Shrek wrote:No, no. I meant STUGs and Jagdpanzer IVs - that's why I wrote dedicated TDs.
Sorry, but I must still be confused? Sturmgeschuetz were developed as dedicated
TDs? That's news to me.
My problem is that you keep blurring timelines in your comparison. The Panzerselbstfahrlafette 1 and the Marder II of spring 1941 is little different from a US T12 from the summer of 1941 and they have similar missions envisaged for them. But those are both very different from a Jagdpanther or an M-18 of mid-1944.
The earlier SPATs I would classify as stop-gap solutions similar to eg. British portee AT guns, not dedicated tank destroyers as such. The original post by EKB attempted to classify German TDs - "Sturmgeschutz and various Jagdpanzer" - as strictly worse than US TDs, a contention I disagree with.
But the early US "SPATs" were also stop-gap solutions (although the British portee wasn't, it was planned that way from the beginning
), while the "planned" solutions looked similar and retained much of the outline, they were mature systems in a developed doctrine. Ditto the later developments by the Germans, which followed a slightly different path for different reasons.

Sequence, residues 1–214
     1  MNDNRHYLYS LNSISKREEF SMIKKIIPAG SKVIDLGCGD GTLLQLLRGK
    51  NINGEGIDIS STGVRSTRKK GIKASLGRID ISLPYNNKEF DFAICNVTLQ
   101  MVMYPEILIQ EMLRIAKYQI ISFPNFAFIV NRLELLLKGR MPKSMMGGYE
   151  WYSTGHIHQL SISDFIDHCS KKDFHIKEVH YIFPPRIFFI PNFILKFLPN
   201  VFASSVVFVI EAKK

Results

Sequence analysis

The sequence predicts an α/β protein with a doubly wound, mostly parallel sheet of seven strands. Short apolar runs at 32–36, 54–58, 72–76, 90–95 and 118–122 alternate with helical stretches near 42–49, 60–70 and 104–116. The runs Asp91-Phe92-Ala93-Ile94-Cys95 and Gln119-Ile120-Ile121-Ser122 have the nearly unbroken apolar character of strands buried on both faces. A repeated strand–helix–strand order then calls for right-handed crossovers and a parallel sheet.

But I agree with you, all that doesn't make one technologically "better" than the other, they are simply different. OTOH that "difference" doesn't make one better than the other either, they still remain simply "different".
Not at all, but I think it is most appropriate to distinguish between purpose-built AFVs and semi-improvised SPATs when comparing weapons systems of different nations.
Frankly, I think that is an artificial construct. Most "purpose-built" weapons systems have some preceeding "semi-improvised" construct that precedes them. "Distinguishing" between them may keep engineers happy, but its actually a meaningless distinction.